Recovery pod helps inmates kick addiction before release

- Manatee County deputies want to cut down on the number of times one person passes through their jail. They're doing it by battling drug and alcohol abuse.

There is a new recovery pod for inmates and some are volunteering to take the life-changing step. 

One such inmate, Michael Candito, knows he has made many mistakes in life.

"I have done everything from robbed to tie people up in their house. I thought I was untouchable," he said.

Candito said drugs were his downfall. He was in and out of the Manatee County jail. During one visit, he found a flier asking for volunteers to join the alcohol and drug recovery pod.

"The old me said, 'don't even look at it. I don't want that.' I would just lie, kick it and slide about my old business," he said.

After 14 arrests, however, he decided enough was enough.

"I looked in the mirror and I said, 'wow. I don't want this in my life,'" he said.

Now, he shares a jail pod with 30 other male inmates. They go to recovery meetings, participate in faith-based activities and go through the daily jail routine.

A separate pod for female inmates houses 21 women.

Inmates stay an average of 60 days in the program.

Just like the inmates who chose to be placed in the pod, deputies also volunteer to be assigned to the recovery pod. Many hope they can make a difference.

"We went around to each squad and asked deputies who wanted to be involved in this program how they felt about it. We thought if they did not believe in what we were trying to promote here, it would be counter-productive to the inmates," said Lt. Yvonne Ingersoll.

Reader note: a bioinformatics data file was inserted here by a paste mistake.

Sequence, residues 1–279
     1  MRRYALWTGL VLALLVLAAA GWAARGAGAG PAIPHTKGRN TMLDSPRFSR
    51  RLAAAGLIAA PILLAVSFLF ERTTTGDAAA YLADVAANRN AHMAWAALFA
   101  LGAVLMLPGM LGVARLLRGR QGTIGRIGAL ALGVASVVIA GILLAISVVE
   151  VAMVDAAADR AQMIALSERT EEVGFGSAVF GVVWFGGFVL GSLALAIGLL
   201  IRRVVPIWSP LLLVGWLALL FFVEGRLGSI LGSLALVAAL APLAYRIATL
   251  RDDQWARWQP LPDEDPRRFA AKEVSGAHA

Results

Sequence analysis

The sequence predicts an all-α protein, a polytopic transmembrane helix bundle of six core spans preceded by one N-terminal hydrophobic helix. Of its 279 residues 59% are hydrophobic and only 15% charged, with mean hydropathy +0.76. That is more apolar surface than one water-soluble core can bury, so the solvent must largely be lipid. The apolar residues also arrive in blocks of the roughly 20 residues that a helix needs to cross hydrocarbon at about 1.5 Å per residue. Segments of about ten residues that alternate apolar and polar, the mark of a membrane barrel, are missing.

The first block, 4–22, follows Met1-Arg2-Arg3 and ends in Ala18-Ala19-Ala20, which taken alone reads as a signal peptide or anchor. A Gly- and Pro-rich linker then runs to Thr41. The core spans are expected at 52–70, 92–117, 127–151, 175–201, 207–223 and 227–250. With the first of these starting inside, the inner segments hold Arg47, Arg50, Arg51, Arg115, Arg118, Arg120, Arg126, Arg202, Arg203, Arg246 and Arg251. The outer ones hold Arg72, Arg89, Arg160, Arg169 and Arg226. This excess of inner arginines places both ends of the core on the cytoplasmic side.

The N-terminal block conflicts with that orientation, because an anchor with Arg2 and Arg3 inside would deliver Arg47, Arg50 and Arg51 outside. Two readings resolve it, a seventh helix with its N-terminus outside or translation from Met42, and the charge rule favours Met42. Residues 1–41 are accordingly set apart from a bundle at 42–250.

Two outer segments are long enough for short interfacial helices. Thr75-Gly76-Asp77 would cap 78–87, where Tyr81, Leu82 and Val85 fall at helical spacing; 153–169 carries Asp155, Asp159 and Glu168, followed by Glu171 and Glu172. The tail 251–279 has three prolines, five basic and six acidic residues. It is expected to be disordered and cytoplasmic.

The goal is to give inmates the tools they need to succeed on the outside, so they will never have to come back. The program is supported by more than 100 volunteers, plus guidance from the Salvation Army.

"Our whole idea is, let's change the belief system so you can believe differently about yourself, and about life," said David Sutton, director of services at the Salvation Army.

Once the inmates step out of their pods for the last time, the support of deputies and volunteers will follow them.

"I wanted this. I cannot go back to my old life. I cannot go back. It was all pain and misery, but now I have God in my life. I don't even feel like this is jail," said Candito.

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